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Jury makes recommendations as coroner's inquest concludes

“More supports for mental health are required,” says RPCC Director.

REGINA – The coroner’s inquest into the in-custody death of Christopher Aaron Lee Taniskishayinew concluded today.

One final witness, Darrell Olbrich, the Director at the Regina Provincial Correctional Centre, provided testimony during the morning. When asked by Coroner’s counsel Robin Ritter what can be done to reduce the number of suicide deaths in correctional centres, Olbrich stressed the wide reach of mental health in general.

“Mental health is recognized as a national, provincial, city-wide issue - not just an RPCC issue,” he said, adding “More supports for mental health are required.”

Olbrich also noted a desire to enhance the facility with any suggested supports.

“Anything that we can do to provide those supports, we’d be open to listen,” he said.

The matter of in-custody suicides is alarming, as the inquest learned between 1995 and 2020, there were 25 hanging deaths in correctional facilities across Saskatchewan. Some steps have been taken to reduce harm, and Olbrich provided an example of how Taniskishayinew’s death brought changes to RPCC.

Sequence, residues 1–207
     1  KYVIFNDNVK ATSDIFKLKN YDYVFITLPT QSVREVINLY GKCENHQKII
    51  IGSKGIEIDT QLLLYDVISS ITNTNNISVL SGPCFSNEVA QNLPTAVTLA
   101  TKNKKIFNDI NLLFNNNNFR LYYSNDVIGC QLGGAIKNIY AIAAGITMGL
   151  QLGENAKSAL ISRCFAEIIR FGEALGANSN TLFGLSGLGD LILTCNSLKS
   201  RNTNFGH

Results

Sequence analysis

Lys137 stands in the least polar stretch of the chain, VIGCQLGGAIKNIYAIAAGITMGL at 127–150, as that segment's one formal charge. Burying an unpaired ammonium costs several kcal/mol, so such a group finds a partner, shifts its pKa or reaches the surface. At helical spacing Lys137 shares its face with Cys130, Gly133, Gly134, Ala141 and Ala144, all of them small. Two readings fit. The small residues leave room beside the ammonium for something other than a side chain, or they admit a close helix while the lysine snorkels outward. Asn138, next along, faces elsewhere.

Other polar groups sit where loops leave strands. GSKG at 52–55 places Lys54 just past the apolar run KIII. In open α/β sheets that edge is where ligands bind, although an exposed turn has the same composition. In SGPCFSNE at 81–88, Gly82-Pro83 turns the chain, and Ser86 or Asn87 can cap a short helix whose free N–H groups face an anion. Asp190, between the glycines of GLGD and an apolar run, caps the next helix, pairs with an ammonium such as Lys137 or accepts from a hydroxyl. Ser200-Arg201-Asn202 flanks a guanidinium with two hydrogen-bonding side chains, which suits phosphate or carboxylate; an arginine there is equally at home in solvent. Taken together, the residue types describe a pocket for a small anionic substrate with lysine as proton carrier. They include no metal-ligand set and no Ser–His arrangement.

“Because of this death, RPCC was made aware of a hook being used,” he said, referring to an investigation held after the suicide. “We took it upon ourselves to remove those hooks on Unit 4 altogether.” The hook in question was located near the top bunk of Taniskishayinew’s cell, which he used to fasten a bedsheet to in order to hang himself on Aug. 16, 2020. It was also the subject of much discussion in the two previous days of testimony. Olbrich explained why it was located in the cell initially.

“When I looked at that hook, it seemed original to when the unit was built for first time offenders and young offenders,” he said, adding that it would’ve likely been used as a clothesline or to close off toilet facilities to allow for privacy. Over time, the cells had been changed, but four hooks in total were discovered during a ligature audit and subsequently removed.